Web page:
Maria / Rosario Montero

Maria / Rosario Montero is a photo-based artist with a BA (PUC Chile), MFA (University of Chile), Master in Digital Anthropology (UCL) and recently PhD in Cultural Studies (Goldsmiths College). Shee had his first solo exhibition at the CCE Gallery (Chile) in 2004. She has participated in several group exhibitions in Chile, China, Mexico, Spain, United Kingdom, Peru, USA and Venezuela, among others. In 2010, 2014, 2017, 2018 she won a government art fund for the development of his artistic practice (FONDART). Her work is part of the selection of contemporary Chilean photographers for 02 / CNCA (2010) and C Photo edition, “New Latin Look” curated by Martin Parr (2012). Today she participates and is one of the founders of Border Agency art collective.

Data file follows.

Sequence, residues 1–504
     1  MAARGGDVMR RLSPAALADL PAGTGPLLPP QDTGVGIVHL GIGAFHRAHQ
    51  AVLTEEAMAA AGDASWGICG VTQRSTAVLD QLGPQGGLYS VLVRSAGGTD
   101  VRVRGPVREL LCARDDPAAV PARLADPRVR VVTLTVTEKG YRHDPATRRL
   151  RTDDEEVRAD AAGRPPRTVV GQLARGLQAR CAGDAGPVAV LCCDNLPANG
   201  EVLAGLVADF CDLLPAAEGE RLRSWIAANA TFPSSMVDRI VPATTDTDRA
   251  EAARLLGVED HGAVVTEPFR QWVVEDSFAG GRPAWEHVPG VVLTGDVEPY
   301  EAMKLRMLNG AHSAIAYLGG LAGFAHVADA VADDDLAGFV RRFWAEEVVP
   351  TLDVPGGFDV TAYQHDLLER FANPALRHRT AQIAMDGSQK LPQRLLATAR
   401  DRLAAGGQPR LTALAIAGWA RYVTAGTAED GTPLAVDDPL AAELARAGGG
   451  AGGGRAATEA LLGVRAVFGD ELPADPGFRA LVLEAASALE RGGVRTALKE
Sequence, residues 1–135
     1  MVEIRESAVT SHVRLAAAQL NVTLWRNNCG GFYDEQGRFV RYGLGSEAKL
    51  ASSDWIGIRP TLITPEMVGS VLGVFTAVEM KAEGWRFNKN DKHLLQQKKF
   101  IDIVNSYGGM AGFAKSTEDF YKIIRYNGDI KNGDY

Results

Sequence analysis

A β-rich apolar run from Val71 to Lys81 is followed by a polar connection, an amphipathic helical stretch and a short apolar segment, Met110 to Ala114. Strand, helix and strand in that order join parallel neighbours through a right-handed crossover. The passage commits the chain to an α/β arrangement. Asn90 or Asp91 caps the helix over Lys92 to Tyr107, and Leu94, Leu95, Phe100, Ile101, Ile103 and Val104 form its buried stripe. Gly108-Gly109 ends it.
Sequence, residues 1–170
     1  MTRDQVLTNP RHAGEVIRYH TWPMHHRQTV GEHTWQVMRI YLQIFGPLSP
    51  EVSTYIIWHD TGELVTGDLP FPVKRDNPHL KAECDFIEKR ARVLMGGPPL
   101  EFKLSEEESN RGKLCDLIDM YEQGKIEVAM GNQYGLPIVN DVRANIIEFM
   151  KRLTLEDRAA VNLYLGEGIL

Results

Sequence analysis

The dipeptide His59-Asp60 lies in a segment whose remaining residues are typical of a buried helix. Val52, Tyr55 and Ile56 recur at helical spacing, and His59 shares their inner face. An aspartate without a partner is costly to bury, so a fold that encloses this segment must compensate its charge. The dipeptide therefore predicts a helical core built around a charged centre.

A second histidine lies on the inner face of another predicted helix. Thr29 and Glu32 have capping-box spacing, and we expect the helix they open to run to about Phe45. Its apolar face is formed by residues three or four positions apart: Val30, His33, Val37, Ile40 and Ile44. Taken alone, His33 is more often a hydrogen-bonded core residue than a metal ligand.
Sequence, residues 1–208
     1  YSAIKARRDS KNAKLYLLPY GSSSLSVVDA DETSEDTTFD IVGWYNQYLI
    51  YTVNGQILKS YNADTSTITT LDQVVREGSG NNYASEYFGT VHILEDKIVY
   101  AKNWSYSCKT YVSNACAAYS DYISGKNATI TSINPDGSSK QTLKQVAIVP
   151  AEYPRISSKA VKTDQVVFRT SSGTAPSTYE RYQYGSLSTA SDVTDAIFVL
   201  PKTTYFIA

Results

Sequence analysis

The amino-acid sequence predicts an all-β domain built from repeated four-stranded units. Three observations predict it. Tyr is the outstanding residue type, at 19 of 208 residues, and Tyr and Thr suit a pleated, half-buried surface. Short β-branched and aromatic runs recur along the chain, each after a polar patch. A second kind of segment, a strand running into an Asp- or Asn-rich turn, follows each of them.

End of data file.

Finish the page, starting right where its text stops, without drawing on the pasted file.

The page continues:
Colonial agencies have framed the view of the land, not only by promoting a perspective of an empty place, but also in the way in which all natural resources have been named and classified. The perception of the landscape in Chile still occurs as a mirror to that which was perceived as being in a distant land, and this perception has constrained the way people can envision, plan and experience its territory today. This research undertakes a decolonial visual inquiry into photographic landscape in Chile. By engaging specifically with an everyday landscape and the garden, this research reworks relationships between people and their perceptions in lived environments. Through this investigation I seek to interrogate how colonial views of the land have framed experience and perception of Chilean territories, from the infrastructural, to the everyday. Focusing on gardens as the sites to engage with decolonial approaches, this research was undertaken at two distinct locations, Puerto Varas and Iquique. I look at how gardens as landscapes are perceived, made and represented. I further work through photographic practice to develop alternative views of landscape that involves people within the places they inhabit. Working with photography as a tool to get involved at these sites, I extend Flusser’s concept of the technological apparatus by investigating photography as a process of ongoing creation. Consequently, I create a series of visual experiments which critically explore the issues emerging during this research, and allow me to create an alternative way of representing Chilean landscapes whilst reworking their form, content and circulation through an engagement with decolonial practices, theories and inhabitations. Consequently, this inquiry has several implications for the three main problems it addresses. Firstly, the representation of landscape (and its colonial imposition); secondly, the photographic apparatus and its relation to textural descriptions and the metadata; and, finally, decolonial experimentation as a process of practical engagement.